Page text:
Desert Star Weekly Published my article about BBQ

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It’s hard to even fathom turning my oven on with summer’s heat so hot that if you dropped a grape it would turn to raisin before hitting the ground.  More and more my mind wanders towards thoughts like: Would an egg really fry if I dropped one on the sidewalk? Or could I really bake cookies on the dashboard of my VW Jetta? Yes, it’s my first summer in the Desert, yes it is hot, but that is no reason to stop cooking.  In fact, summer forces me to light the barbecue and explore outdoor cooking with renewed passion.

There are so many colorful theories as to the true origins of the term barbeque.  Ask a group of fervent believers and you will get a host of different answers.  The two most plausible originate with the French term ‘barbe a queue’ and the Taino Indian word ‘barbacoa’.

‘Barbe a queue’ comes from French speaking Haitians who were quite fond of spit roasting whole animals (and the occasional tourist) over slow burning fires. Barbe means whiskers and queue is the tail, therefore barbe a queue denotes a spit roasted whole animal skewered from it’s whiskers to it’s tail.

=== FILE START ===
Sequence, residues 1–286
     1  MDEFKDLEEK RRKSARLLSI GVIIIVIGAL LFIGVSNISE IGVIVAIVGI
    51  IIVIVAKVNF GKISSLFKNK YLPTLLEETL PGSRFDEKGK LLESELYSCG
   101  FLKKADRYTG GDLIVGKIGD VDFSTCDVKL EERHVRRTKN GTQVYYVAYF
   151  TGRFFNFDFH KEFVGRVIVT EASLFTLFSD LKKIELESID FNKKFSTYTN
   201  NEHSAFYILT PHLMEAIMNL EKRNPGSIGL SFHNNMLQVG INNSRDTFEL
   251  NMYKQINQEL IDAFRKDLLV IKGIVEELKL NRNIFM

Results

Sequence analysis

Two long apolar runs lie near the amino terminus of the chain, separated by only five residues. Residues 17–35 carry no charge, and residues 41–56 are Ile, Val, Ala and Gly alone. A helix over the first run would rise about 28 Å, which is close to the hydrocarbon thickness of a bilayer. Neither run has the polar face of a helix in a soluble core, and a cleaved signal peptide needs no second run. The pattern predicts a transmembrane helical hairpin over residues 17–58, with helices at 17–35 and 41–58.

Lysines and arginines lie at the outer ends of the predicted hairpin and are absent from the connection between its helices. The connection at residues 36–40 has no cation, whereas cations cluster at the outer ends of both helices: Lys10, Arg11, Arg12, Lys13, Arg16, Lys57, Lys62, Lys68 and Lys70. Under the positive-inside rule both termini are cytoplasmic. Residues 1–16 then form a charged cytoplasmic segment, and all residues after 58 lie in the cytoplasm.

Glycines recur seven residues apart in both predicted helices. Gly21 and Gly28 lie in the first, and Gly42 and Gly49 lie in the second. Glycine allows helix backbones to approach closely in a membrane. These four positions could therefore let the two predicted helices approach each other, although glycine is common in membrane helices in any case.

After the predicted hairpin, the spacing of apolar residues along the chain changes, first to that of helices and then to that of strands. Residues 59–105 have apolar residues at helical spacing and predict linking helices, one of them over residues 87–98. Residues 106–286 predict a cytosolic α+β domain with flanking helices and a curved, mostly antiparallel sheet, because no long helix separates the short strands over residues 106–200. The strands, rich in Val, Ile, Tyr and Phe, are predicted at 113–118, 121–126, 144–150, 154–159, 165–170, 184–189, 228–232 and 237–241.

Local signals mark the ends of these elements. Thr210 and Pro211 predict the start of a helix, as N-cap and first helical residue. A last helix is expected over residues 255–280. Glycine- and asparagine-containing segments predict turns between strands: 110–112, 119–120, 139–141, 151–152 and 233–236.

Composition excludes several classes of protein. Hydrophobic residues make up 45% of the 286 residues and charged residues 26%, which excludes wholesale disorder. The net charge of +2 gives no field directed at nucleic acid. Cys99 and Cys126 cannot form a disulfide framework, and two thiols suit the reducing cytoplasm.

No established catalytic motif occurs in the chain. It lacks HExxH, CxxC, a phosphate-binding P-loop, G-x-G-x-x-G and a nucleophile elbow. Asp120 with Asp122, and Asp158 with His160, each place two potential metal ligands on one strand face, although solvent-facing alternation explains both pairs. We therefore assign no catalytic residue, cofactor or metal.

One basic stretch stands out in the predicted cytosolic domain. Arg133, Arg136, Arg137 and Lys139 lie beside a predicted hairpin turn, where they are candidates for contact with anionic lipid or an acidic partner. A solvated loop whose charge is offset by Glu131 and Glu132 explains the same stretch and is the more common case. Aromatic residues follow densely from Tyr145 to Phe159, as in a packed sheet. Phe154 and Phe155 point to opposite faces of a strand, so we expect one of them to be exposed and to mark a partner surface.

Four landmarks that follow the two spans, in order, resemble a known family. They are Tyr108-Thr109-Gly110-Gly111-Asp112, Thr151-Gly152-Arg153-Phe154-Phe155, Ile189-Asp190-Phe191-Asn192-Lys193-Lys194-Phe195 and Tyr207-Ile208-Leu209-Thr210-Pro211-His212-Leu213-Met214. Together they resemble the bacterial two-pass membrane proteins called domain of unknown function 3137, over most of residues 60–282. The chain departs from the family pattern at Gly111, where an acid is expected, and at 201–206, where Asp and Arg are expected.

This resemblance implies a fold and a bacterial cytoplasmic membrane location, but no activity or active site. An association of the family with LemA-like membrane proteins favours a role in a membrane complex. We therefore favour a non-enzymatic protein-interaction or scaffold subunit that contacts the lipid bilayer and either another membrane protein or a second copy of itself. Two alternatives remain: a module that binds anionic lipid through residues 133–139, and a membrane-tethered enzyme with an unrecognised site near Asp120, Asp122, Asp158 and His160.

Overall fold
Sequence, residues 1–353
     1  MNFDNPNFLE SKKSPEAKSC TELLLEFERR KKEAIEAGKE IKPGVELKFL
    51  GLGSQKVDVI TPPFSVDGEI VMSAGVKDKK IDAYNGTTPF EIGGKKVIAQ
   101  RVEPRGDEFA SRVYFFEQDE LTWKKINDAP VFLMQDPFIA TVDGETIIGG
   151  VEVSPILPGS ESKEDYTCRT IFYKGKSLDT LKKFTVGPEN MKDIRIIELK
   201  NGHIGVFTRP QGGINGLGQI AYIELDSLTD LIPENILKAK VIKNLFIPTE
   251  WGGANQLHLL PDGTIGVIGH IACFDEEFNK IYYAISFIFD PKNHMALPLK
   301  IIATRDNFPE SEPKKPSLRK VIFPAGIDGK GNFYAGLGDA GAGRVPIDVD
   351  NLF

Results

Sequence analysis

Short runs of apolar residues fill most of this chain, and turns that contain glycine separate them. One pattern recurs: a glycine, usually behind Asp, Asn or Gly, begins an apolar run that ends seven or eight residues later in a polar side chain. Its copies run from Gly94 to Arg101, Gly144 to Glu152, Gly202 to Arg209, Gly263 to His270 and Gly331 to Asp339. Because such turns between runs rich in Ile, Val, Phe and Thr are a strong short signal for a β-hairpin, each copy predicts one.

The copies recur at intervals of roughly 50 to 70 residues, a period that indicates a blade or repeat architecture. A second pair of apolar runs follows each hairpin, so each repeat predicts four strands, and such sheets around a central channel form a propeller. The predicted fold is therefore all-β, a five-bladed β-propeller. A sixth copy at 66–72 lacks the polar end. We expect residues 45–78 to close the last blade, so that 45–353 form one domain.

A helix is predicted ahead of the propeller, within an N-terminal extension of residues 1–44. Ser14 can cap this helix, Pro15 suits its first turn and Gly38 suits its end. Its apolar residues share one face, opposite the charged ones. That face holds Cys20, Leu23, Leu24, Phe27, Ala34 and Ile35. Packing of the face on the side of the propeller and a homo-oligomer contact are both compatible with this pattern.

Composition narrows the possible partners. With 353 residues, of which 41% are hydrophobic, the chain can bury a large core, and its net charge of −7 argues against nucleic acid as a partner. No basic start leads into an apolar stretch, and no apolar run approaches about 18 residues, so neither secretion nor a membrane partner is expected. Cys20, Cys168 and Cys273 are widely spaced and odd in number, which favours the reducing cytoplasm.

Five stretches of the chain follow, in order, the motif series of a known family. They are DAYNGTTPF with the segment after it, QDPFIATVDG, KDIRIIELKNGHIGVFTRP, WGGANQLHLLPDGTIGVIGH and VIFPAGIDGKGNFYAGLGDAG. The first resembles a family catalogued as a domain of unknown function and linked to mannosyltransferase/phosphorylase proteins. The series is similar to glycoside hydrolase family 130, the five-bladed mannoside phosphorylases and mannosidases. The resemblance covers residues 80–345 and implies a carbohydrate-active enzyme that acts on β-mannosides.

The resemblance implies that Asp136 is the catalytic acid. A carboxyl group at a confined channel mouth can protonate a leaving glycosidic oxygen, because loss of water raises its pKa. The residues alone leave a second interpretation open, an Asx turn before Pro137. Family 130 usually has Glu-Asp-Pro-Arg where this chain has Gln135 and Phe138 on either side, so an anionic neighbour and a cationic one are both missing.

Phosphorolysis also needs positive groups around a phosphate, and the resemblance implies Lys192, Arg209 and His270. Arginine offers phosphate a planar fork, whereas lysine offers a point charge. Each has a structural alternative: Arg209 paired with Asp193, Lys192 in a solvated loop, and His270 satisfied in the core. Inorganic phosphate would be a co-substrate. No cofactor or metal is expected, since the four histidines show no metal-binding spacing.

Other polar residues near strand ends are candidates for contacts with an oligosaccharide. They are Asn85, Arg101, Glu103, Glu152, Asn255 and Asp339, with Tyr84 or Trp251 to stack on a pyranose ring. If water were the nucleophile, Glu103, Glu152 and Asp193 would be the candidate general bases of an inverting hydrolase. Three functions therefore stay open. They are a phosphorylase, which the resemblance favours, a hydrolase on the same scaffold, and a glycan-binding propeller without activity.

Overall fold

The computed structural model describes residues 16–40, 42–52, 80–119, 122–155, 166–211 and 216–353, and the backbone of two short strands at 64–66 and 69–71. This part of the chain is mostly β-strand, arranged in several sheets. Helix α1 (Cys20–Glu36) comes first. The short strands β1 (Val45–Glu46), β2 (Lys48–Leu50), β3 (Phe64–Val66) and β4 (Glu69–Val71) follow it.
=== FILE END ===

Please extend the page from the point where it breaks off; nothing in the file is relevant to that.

Others theorize barbeque is the Americanization of the Taino Indian term barbacoa, which refers to a framework of green wood built to slow cook fish and meats over an open wood fire.  When the Spanish made their way from the West Indies to the shores of our continent, they brought this cooking technique everywhere they conquered and pillaged.

By the early 1600’s, backyard barbeque feuds in Virginia were so frequent it was illegal to carry a firearm to one in Jamestown.  Probably even back then folks argued whether or not what they prepared was true barbeque. The word barbeque shows up in George Washington’s 1769 diary where he mentions that he traveled to Alexandria to attend a “barbicue”.

Lamb was the favorite meat of early barbeques giving way to pigs when Spanish explorer Hernando de Soto arrived in 1539.  Pigs adapted better to the lazy colonial lifestyle than cows.  Colonists found it easier to let the pigs run wild, foraging on wild apples, nuts and other goodies and then recapture them rather than to shelter and raise them.

The battle over authentic barbeque continues to rage to this date with no side emerging as the clear winner.  No matter what history you prescribe to, get out and enjoy, if for nothing else than to keep cooler inside.

 

Get yourself a copy of Desert Star for the photos and recipes or go to their website: http://desertstarweekly.com/

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